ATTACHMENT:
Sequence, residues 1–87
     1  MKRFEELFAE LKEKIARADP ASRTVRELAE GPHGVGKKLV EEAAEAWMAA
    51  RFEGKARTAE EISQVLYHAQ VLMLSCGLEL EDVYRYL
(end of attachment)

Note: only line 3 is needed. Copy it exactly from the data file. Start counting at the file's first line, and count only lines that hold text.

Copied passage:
    51  RFEGKARTAE EISQVLYHAQ VLMLSCGLEL EDVYRYL